Record-breaking yachtsman Robin Knox-Johnston chooses a seafaring picture of enormous drama.
Sir Robin Knox-Johnston on Two Clippers –Nocturne by Montague Dawson
‘This painting conjours up the romance of the last great age of sail, when voyages depended on wind, skill and muscle. The two vessels are shown pressing hard in strong winds and heading close enough to hail each other and pass on their positions before the introduction of radios’
Sir Robin Knox-Johnston is a yachtsman. The first person to complete a solo, non-stop circumnavigation of the globe, he published his autobiography, Running Free, last year.
John McEwen analyses Two Clippers
To be a marine artist was in Montague Dawson’s blood. His grandfather, Henry Dawson (1811–78), was best known for marine pictures; his father was a sea captain and yachtsman. In middle age, John Ruskin’s encouragement was all that kept him going, but, after a climactic retrospective, he wrote: ‘My pictures delighted me. I don’t think the work of any landscape painter living or dead could be put in competition with them.’
On leaving school, he worked in London for a commercial art studio until volunteering for the Royal Navy in 1914. It took him to Falmouth, where he found time to have lessons with the marine artist Charles Napier Hemy (1841–1917), a Royal Academician and his principal influence.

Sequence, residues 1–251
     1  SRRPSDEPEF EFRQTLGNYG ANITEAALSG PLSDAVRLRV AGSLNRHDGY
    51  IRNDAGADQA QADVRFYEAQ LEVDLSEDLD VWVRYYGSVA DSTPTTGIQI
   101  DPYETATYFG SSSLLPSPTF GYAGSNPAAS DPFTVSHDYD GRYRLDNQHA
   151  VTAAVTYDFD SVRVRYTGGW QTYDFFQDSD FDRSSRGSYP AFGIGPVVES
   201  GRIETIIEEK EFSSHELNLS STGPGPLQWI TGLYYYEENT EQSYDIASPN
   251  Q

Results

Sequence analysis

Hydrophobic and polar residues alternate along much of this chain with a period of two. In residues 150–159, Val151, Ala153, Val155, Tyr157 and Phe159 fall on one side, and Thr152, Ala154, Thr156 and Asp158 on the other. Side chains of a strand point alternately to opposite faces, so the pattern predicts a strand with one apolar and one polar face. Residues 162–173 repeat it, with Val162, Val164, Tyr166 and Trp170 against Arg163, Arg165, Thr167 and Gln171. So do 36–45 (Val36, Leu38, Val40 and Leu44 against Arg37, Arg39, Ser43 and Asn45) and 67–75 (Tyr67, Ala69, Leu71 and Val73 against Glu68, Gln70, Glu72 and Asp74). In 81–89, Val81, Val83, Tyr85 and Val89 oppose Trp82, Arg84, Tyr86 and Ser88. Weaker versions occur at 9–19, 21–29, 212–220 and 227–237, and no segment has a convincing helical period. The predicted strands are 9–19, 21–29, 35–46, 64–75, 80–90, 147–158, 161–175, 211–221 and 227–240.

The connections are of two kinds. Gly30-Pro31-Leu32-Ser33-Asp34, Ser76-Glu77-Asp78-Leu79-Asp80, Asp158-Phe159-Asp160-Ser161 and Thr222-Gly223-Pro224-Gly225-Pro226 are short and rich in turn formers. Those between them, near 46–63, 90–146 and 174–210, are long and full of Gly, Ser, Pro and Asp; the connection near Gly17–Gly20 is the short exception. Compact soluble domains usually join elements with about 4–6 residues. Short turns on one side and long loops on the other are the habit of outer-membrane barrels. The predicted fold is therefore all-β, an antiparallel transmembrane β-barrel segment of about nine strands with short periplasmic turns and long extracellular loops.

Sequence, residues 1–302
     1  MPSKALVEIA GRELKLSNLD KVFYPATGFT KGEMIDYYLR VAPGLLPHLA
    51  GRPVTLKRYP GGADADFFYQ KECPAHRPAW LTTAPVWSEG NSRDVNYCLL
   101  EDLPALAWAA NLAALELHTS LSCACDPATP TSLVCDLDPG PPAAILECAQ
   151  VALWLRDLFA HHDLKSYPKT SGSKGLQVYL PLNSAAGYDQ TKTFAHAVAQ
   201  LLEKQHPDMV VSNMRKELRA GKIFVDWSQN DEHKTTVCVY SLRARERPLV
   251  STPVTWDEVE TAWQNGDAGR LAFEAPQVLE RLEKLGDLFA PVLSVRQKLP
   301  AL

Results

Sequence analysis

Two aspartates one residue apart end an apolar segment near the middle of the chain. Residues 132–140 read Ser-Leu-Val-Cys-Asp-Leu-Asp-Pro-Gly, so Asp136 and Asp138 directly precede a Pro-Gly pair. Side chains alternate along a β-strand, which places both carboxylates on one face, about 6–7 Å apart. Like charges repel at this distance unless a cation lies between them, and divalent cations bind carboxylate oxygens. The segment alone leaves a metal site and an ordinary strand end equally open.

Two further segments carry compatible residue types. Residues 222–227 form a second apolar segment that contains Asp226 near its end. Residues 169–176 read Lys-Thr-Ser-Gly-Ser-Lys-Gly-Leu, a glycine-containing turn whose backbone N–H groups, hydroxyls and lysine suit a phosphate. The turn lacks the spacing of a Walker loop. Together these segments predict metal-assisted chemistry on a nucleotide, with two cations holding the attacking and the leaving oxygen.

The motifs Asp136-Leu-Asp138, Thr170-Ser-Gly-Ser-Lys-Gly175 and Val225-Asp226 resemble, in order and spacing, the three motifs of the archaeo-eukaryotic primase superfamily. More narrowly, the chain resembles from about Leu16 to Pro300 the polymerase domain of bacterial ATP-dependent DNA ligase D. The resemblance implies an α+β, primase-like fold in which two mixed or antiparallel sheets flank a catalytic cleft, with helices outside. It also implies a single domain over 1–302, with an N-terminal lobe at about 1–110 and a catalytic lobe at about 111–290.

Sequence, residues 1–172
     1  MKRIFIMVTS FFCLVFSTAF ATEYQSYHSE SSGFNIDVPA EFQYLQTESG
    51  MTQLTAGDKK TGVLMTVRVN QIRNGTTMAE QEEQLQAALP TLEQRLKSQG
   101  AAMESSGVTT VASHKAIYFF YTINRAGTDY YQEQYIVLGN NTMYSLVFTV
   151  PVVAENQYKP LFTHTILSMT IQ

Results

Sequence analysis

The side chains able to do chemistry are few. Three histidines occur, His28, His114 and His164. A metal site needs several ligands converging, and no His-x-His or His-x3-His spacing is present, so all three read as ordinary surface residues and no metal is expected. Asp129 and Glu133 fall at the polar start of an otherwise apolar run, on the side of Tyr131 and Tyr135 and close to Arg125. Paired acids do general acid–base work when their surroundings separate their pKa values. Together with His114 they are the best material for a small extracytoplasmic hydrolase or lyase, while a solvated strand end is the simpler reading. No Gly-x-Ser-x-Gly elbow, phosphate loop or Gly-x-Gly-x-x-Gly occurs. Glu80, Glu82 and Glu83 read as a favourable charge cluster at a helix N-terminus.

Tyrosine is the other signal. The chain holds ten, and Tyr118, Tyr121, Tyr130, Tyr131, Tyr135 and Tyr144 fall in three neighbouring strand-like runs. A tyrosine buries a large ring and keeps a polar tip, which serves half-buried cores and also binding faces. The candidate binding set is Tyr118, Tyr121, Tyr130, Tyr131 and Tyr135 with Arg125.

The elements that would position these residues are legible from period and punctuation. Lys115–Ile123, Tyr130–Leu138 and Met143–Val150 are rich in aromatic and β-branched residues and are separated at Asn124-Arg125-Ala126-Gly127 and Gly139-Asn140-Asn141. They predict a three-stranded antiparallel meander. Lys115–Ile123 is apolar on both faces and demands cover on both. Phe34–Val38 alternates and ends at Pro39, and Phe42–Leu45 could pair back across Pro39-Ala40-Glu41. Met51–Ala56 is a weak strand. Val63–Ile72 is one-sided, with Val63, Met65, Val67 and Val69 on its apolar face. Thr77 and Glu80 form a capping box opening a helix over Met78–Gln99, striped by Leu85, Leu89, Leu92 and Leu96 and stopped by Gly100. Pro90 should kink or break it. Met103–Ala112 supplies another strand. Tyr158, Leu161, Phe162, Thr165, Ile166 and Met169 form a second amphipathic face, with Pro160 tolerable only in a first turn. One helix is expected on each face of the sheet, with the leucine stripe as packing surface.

At the war’s end, he witnessed the surrender of the German High Seas Fleet in Scapa Flow and illustrated the event for The Sphere. He made his reputation between the World Wars and was an official war artist in the Second World War.
Dawson specialised in the great age of sail, which, like that of the stagecoach, was surprisingly short. Clippers were very fast sailing ships in the mid 19th century. Square-rigged, most commonly with three masts, they delivered limited bulk freight globally until replaced by steam ships. Their boom years were fuelled by the demand for tea from China and gold from California and Australia.
This picture displays Dawson’s pride in accuracy. The pitch of the foreground ship emphasises the narrowness of the deck, the three figures her scale, the lookout in the prow straining towards the dimly discernible lights in the sister ship. This atmospheric nocturne made £200,000 at auction in 2017.
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